“I could lose my job,” Eliana Velez told The Local.
Velez, a US-native, completed coursework for a master’s degree in Media and Communication Studies at Uppsala University in October and immediately began hunting for a job.
During the process, she filed paperwork with the university so she could have her degree issued in time to present to any new employer that saw fit to hire her.
After weeks of sending out job applications, Velez eventually landed what she called the “perfect job” working as a communications manager for an organization in the United States.
“It was really what I had studied to do,” she said.
Velez moved back to the United States to start work in early March, and shortly thereafter sent another reminder to her department at Uppsala University inquiring as to the status of her diploma.
“I contacted the department on March 15th and was told it would be ready the next day,” she said.
When a week passed and she had still not received anything, Velez made yet another inquiry via email.
The response, sent by Director of Studies Göran Svensson, left Velez stunned.
“Sorry to say, you cannot graduate,” he wrote in an email.
Svensson went on to explain that Velez’s inability to receive her diploma was apparently due to a misunderstanding about which courses could be included in her course of study.
After having twice failed a required quantitative methods class, Velez asked a student advisor about what other courses she might be able to take instead.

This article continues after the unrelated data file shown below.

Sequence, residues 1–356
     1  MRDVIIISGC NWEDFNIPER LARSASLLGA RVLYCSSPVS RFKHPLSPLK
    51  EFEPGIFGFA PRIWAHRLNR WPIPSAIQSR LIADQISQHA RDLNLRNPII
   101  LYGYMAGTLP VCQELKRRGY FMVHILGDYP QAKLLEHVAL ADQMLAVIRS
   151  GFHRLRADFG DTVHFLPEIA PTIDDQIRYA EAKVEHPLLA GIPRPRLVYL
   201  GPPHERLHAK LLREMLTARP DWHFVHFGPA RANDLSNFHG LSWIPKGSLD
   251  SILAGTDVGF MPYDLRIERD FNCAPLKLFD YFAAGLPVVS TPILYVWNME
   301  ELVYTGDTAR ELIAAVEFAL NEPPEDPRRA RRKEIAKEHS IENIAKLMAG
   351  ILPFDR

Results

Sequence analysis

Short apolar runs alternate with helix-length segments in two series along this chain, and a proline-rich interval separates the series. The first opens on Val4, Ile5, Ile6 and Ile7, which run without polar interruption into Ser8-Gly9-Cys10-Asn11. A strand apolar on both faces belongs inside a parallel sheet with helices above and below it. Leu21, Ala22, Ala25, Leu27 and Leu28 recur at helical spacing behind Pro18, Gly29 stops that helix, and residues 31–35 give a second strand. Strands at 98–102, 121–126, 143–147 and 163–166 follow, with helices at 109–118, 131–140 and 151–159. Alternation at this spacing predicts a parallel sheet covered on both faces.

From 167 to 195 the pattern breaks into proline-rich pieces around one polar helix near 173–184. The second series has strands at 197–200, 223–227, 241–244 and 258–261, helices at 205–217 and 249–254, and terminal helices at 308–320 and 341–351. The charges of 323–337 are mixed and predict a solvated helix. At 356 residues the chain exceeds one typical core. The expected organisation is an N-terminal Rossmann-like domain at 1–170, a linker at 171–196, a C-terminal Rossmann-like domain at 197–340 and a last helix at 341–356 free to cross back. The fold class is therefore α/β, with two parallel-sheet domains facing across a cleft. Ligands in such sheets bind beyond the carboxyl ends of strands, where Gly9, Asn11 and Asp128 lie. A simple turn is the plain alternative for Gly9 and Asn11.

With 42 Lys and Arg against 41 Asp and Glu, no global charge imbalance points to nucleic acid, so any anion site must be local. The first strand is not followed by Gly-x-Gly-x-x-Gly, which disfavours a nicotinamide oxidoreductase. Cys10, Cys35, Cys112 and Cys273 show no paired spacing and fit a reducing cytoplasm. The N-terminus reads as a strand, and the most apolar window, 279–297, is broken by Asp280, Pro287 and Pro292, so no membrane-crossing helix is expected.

She was told that she could take several different courses, including some undergraduate level courses, all of which would allow her to gain the number of credits she needed to graduate.
As one of the undergraduate courses, Media Policy and Regulation, was the next course due to start, Velez signed up in the hope that she would still be able to complete her course of study by the autumn of 2011.
“It was a very relevant course,” she said.
But what the advisor failed to mention and what Velez failed to realize, is that she had already taken the maximum number of undergraduate-level courses allowed.
“They never told me that I wasn’t allowed to take any more undergraduate-level courses,” she said.
“I wouldn’t have taken the course if I had known.”
According to Velez, the department and the student advisor failed in clearly communicating what the programme requirements were.
“It cannot be assumed that I would have known exactly how the Swedish system works,” Velez explained in an email to the department, adding that the student advisor in question shouldn’t have given what turned out to be bad advice.
Writing to Svensson in the wake of learning that her two year studying sojourn in Sweden had left her without a diploma, Velez explained that she had “lost all trust” in the department following the episode.
“You cannot expect foreign students to remember all the details included in one presentation you held at the beginning of the year. That is an unrealistic expectation,” she wrote.
While Svensson admitted that he and his colleagues “failed to inform” Velez that her last course needed to be a graduate-level course, he added that keeping track of a student’s course of studies is a “shared responsibility”.
“You did not follow the suggested plan of study,” he wrote in an email.
“For a student that does not follow the suggested path of studies it is of extra importance that the school and the student keep track over performance and requirements.”
Svensson, who was unavailable to speak on the matter with The Local, added that he would write a letter to Velez’s employer explaining the problem and vowed to work with her to “find a solution”.
Meanwhile, Velez’s future in her new job hangs in the balance, and her confidence in how Swedish universities treat foreign students remains shaken.
“I’m really upset and really frustrated,” she said.
“I had a really good feeling about having studied in Sweden, but something needs to be done.”